A Little Trip to Seattle

I recently went to visit my new nephew for the first time in Issaquah, and was lucky enough to take the Victoria clipper ferry over with my mom for company. I like the clipper ferry, it’s kind of like a plane ride with way more legroom and way more relaxed border security.

One of the days in Washington was spent in Duvall, for Thanksgiving dinner at the home of my nephew’s grandma on his dad’s side. It was great to finally get a look at the setup she has going, I had been hearing loads of stories about all the dogs, goats and sheep running the place. Truly, it was a dog paradise. There were five (six?) assorted dogs and most of them had cozy sweaters on. They had their own dog door leading into the expansive backyard and dog beds in every corner.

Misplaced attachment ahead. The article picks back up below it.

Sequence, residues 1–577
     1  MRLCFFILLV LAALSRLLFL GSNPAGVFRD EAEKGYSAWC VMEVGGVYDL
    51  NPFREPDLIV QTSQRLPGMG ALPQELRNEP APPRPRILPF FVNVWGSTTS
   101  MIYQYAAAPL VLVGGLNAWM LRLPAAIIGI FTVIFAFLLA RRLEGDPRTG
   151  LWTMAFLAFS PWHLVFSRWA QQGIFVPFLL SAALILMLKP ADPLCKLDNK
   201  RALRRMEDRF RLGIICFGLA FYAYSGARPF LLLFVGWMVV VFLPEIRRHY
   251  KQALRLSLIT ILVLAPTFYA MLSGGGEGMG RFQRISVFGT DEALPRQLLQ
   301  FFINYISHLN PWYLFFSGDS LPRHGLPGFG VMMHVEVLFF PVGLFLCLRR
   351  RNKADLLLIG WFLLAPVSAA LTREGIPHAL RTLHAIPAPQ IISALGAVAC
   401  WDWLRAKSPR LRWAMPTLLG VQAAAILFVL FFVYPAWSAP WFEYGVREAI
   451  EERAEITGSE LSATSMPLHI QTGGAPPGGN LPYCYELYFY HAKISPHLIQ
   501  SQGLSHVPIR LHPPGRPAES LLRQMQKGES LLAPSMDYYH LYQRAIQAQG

I was also introduced to the goats and sheep, The goats were huge, since I guess I’m used to seeing Nigerian Dwarf goats around here. Basically you could almost ride the goats, they were that big. I was informed that one of the grandkids actually has ridden the goats and I was jealous.


There were also a pair of sheep, who were completely adorable and also looked fun to ride. I think she said they were Cotswolds. Apparently I can have their fleeces when it comes time to shear them! Very excited about that.


My birthday happened while I was there, and I was taken to the aquarium for the day to celebrate. Despite how bright and vivid all the displays were, somehow I didn’t get very many good photos. It was still fun, I always enjoy any aquarium I visit.


Unfortunately I must have had too much fun and brought back with me an exotic American cold. I haven’t been sick in a few years, so I kind of forgot how to do it. I was doing okay until the Raptors Centre Christmas party, where I obviously talked too much bird talk and lost my voice. A week later, the voice is still gone but I feel the cold is finally almost on its way out.

And of course the whole reason for the trip is this little cutie pie right here. Great to finally meet you little buddy!